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Just like children being enticed to finish their dinner with the promise of a treat, it appears that grown adults can be bribed into eating their vegetables — with cold hard cash instead of sweets — at least in the short-term.
According to the findings of a study published in the Journal of Health Psychology , paying frazzled people to eat fruit and vegetables results in increased consumption and a more relaxed state of mind. In reaching their conclusions, researchers at the University of Colorado Boulder looked specifically at the relationship between financial incentives, eating habits and stress levels.
“What we know is that people tend to eat less healthy when they are stressed,” study co-author Angela Bryan, professor of psychology and neuroscience, told Colorado Arts and Sciences Magazine . She added that the team set out to determine if incentivizing healthy behaviours could lessen the pressure people were feeling: “So, if you see a carrot less as something like, ‘Ugh, gosh, I have to eat a carrot’ and more, ‘I get paid to eat a carrot,’ does that mitigate the effects of stress on healthy eating?”
To determine whether or not money could have a motivating effect, the researchers asked 128 participants to keep track of their daily stress levels, and fruit and vegetable consumption over a period of three weeks. One group received a dollar each time they ate a serving of fruit or vegetables; the other did not. On days when subjects reported feeling stressed, those who were being paid maintained their intake while those who weren’t ate fewer servings of fruits and vegetables.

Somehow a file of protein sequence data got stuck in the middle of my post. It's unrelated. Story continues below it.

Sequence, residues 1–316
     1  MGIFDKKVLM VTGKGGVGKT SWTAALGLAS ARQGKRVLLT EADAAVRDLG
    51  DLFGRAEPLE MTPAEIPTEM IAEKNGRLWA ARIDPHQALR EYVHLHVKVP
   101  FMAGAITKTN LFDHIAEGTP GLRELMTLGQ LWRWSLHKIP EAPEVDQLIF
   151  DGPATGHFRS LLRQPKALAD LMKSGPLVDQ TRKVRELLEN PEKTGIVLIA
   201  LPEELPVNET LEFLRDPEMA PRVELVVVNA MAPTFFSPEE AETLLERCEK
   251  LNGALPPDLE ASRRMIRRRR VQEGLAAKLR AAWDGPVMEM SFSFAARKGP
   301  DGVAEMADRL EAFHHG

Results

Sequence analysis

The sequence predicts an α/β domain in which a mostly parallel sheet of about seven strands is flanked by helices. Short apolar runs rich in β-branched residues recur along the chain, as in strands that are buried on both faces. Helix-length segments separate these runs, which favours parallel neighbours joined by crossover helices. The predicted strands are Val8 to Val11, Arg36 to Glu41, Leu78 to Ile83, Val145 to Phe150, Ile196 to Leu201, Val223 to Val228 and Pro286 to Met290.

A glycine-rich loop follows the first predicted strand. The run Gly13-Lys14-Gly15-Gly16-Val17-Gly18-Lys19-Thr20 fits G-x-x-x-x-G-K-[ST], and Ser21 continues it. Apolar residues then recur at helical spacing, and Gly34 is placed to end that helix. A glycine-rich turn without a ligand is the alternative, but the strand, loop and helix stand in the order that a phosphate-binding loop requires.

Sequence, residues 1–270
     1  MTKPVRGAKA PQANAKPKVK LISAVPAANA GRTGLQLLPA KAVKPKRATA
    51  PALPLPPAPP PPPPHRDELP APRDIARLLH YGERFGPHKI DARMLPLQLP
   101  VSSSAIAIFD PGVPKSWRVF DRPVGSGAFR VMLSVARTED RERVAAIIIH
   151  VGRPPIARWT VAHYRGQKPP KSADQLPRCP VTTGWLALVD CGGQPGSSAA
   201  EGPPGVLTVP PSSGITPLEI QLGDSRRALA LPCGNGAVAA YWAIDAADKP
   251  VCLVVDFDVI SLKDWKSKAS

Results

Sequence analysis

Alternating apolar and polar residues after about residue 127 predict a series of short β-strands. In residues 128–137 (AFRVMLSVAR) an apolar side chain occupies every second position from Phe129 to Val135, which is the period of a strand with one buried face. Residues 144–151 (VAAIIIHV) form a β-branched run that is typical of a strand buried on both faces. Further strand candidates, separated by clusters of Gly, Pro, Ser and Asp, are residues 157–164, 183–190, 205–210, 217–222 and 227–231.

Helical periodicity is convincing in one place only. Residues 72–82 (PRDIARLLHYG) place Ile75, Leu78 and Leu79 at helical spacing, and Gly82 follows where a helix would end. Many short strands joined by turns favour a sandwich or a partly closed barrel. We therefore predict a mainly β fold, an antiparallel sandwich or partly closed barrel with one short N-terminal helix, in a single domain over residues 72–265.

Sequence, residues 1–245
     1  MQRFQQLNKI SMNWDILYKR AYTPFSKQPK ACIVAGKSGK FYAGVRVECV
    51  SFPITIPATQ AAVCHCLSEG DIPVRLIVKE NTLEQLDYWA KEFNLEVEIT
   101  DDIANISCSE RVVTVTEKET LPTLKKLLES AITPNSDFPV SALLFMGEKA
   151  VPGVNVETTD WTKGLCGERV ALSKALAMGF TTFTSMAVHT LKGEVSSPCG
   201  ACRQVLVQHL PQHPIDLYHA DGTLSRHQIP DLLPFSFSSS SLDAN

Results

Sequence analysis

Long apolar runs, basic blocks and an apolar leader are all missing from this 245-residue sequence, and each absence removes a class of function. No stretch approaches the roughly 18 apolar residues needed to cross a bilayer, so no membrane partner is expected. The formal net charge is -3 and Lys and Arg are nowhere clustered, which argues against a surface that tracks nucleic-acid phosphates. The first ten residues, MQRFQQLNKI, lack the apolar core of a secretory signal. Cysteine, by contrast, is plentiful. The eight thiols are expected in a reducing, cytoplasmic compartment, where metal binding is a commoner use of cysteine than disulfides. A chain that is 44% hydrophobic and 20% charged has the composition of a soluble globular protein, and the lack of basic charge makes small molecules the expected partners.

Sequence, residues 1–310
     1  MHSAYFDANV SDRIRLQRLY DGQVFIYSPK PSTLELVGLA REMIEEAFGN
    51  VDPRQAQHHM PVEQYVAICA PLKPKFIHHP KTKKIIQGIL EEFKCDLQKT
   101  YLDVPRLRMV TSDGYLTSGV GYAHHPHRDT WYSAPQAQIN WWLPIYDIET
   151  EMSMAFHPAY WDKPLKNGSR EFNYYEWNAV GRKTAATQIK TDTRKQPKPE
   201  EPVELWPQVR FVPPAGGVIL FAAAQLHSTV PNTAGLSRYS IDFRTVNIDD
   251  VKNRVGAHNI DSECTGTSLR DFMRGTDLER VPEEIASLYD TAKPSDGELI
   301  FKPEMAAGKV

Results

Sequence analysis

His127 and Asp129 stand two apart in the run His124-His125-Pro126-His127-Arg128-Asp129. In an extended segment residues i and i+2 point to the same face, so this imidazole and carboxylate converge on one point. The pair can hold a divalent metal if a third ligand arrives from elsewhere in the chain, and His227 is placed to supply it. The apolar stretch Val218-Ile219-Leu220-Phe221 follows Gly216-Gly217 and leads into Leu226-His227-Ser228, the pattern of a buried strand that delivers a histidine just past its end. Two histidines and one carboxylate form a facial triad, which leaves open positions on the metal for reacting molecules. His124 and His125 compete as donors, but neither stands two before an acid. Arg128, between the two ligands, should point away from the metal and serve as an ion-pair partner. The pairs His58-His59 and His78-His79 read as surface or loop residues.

“Obviously, we had the hypothesis that incentives might buffer the effects of stress and diet, but I didn’t think it would be this clear,” Bryan reportedly said. “I thought there might be a glimmer of something going on, so when we actually saw the effects and the size of the effects, I was pretty stunned.”
The researchers note that rather than relying on self-reporting, which can be subjective and unreliable, further investigation could build on their findings by using “a more objective measurement method” and following subjects over the long-term to determine how enduring their new eating habits are.
Past studies looking at the effectiveness of health-related incentive programs have found that they’re most productive when addressing “ simple, discrete and time-limited ” actions, such as getting vaccinated or visiting the doctor. They’ve proven to be less fruitful when it comes to “complex and entrenched” behaviours like diet and exercise, and smoking.
As Theresa Marteau, the director of the behaviour and health research unit at the University of Cambridge, told Healthy Debate in 2015, whether an incentive program will work or not depends as much on individual circumstances as the nature of the behaviour that it’s aiming to alter. “Where there is most evidence for effectiveness for incentives is in those who tend to be poor, and have mental health problems … including addiction,” she said.
From employer-instigated programs to the now-shuttered mobile app Carrot Rewards, which remunerated users with loyalty points for tracking their activity and taking quizzes, wellness incentives are nothing new. But questions surrounding who is best served by them, their ethics and feasibility still lack definitive answers.
Adding to the confusion and sense of futility, as with feeling the need to bribe a child to eat their broccoli, the underlying message of this study is that fruit and vegetables must taste pretty terrible, since we have to be paid to eat them. In reality, fruit and vegetables are the most diverse, exciting and versatile foods we can eat. While they may increase consumption temporarily, financial incentives do nothing to address the systems and beliefs shaping our access to healthful foods, influencing our desire to shift eating habits, and ultimately undermining our health.
Copyright Postmedia Network Inc., 2020